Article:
We’re going to tackle a topic that invites a lot of discussions today; storing cross stitch and embroidery threads.
This, in itself, doesn’t, seem that crazy, but a lot of people struggle to find a good way to store their cross stitch threads. Much like storage of cross stitch needles, it’s great to put something away, but there are two things to keep in mind. Firstly is appropriate storage, like finished cross stitch storage you need to make sure your threads won’t get damaged, but you also want to get at them easily. In addition, you might want to show them off (especially if you have a full set of DMC threads).
So we’re going to look through your options, but to start, we’re going through the reasons its important to think carefully about your options.
Why Is It Important?
In our post asking if DMC thread dye lots are an issue, we spoke at length about the rumors surrounding threads. In short, dye lot issues don’t exist. Instead, aging does. Or more specifically poor storage does. You see when storing finished cross stitch, and threads, the biggest killer is sunlight. It bleaches some dyes of out threads meaning you have odd colors forming, and it makes the threads far more fragile. In fact, we even posed the questions if its worth buying second hand threads or not.
Sun kills threads. It’s as simple as that. So we need to make sure whatever we use, that our threads are safe.
How To Store
So, with that in mind, what options are there out there to keep your threads at hand, but also nice and safe? Well, there are none. Yes, that’s correct, there are no ways that are both at hand, and going to keep your threads safe. Instead, you need to pick one a few options that are either less handy, or less caring for your needles.
The first up is the display method. With all those pretty threads, the instant thought is to display them. And you know what, they always look good on display. But just because they’re out, doesn’t mean they’ll be damaged by the sun in seconds. In fact, so long as you think carefully about placement, you can avoid direct sunlight. This will allow you to keep the threads up there longer, but you do need to keep in mind that your threads will get dusty, and should be used quickly, and not chucked up on the wall for years on end.
Loose In A Drawer
With that in mind, most people think about chucking threads in a drawer. In fact, this is how most people store threads until they look for a better alternative. But it might not have to be. The drawer is protected from sunlight (and indoor lights), dust and dirt. It’s a great way to keep your threads all protected.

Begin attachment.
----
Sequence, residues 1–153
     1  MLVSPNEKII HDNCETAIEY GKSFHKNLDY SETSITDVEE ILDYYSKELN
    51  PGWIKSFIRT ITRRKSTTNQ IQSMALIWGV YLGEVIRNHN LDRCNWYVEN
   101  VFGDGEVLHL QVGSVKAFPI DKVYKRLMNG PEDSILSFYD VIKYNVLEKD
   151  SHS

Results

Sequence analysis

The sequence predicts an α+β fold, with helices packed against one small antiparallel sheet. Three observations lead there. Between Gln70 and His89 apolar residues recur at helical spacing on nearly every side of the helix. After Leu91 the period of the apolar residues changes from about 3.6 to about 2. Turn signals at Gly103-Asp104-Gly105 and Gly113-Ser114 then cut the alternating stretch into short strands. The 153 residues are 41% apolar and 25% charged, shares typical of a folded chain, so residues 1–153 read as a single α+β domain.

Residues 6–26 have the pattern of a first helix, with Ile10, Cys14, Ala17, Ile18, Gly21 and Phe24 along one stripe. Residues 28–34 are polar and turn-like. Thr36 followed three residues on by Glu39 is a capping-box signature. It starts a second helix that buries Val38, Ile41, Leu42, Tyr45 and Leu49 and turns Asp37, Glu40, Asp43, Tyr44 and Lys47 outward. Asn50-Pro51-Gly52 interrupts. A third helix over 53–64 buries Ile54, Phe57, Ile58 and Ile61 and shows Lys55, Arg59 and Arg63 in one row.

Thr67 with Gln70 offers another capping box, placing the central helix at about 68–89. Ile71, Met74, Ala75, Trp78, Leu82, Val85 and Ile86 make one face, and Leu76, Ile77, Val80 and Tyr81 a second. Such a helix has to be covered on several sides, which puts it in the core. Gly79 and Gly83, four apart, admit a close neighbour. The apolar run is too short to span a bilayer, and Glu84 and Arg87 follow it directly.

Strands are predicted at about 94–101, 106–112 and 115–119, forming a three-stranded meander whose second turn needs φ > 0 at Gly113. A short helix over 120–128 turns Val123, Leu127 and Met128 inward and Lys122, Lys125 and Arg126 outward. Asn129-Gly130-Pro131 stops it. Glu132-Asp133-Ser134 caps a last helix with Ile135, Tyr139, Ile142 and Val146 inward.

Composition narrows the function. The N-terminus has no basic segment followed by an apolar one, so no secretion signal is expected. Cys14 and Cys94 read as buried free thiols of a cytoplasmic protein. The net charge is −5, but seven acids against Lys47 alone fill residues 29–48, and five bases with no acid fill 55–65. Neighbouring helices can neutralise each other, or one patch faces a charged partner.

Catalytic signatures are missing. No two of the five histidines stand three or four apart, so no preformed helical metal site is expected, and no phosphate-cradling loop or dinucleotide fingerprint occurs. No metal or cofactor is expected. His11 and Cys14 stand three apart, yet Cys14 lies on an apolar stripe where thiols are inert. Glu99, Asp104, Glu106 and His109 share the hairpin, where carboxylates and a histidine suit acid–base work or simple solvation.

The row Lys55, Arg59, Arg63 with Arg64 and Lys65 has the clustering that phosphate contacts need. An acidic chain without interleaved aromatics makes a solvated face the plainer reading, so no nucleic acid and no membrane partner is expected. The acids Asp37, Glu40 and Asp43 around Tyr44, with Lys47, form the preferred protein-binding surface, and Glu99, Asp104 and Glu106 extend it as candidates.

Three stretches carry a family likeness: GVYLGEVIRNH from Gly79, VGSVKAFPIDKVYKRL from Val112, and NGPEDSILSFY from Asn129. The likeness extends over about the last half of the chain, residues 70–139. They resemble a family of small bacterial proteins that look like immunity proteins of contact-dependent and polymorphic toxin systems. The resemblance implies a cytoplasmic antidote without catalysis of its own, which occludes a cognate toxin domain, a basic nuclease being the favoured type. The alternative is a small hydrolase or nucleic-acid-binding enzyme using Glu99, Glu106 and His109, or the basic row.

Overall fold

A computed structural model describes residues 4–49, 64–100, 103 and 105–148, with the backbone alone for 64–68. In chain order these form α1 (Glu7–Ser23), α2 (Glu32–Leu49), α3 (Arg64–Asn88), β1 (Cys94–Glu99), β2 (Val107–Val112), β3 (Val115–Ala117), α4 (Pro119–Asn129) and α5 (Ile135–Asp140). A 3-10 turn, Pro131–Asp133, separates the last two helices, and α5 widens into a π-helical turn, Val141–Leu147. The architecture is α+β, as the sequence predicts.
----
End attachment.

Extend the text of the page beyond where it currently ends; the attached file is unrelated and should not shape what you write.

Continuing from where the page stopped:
And just because they’re in a drawer, doesn’t mean they have to be a mess; you can keep them in smaller drawers (so long as they aren’t clear) in order or in color groups. Just make sure you don’t keep buying the same threads over and over (although we have a DMC thread inventory spreadsheet to help with that). But threads can get tangled.
On Bobbins In A Drawer
So the drawer might be a little problematic but let’s not throw it out yet. If you choose to bobbinate your threads (I know some people don’t like to), you can store the bobbins in a drawer. I know you’re thinking they might be a mess too, but 1dogwoof has a great guide on storage using old cereal boxes which allow you to segment the threads up and keep them in order. They might be stuck in that drawer until you can get to them, but they’ll always be neat, tidy, protected from the sun, and dust-free.
On Bobbins In Boxes
The advantage of this style of storage is that you can put the boxes out and on display, if you want, or you can put them in a drawer. You can pull out boxes at your pleasure and they’ll never be tangled. They’ll be in order so you can find them easily, and they pair great with a DMC color chart.
To me, this is the superior way to store threads and it’s how I’ve stored them since I got a full set of threads back in 2009.
So what way do you prefer to store your threads?
In Ziplock Bags
This one actually came in thanks to a reader; ziplock bags, or if you prefer the branded thread-specific versions; Floss-A-Way bags. These bags are airtight plastic bags that no only hold the thread, but are great at holding the long ends of threads you have that are worth keeping. There are two big problems with this approach though; finding a place to store them away from light, but also being able to pick the color you want easily.
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I use Floss-Away bags and group them by DMC color families – blues, greens, purples, reds/pinks, yellows/oranges, browns, neutrals, and specialty – bound by metal rings, with a knitting stitch holder to mark the beginning of the series. They all go in a sweater-size box so I can just pull the whole box out of the closet.
I keep my floss that has been used in baggies that are on a big ring with the number wrote on the bag so I know how many skeins of each color I have. Yes, it is a lot and it is bulky but I know what I have on hand and what I don’t. I keep this in a shoe box that doesn’t get exposed to sunlight. This keeps dust and any weveals out of my thread.
Hi. I use 3 by 5 bags and 1 inch labels I found on Amazon. I made custom boxes out of 7 count canvas and store them in a 7 drawer roll around cart. The 3 bottom drawers hold the boxes and bags. The upper 4 hold metallics, satins, variegated and spools.
I don’t suppose you’d consider editing your article to change all the places you wrote “draw” instead of “drawer”? (Unless you’re from Pennsylvania and thought they were one and the same?)
Eesh, sorry about that! All upodated!
I also use plastic bags, but I was cheap and got some coin bags from a bank. 😀 I find that if you fold the skein in half, it fits snugly into the bottom of the bag, and then I fold the edge of the bag over and tuck it nicely into it’s place in the custom boxes I have made.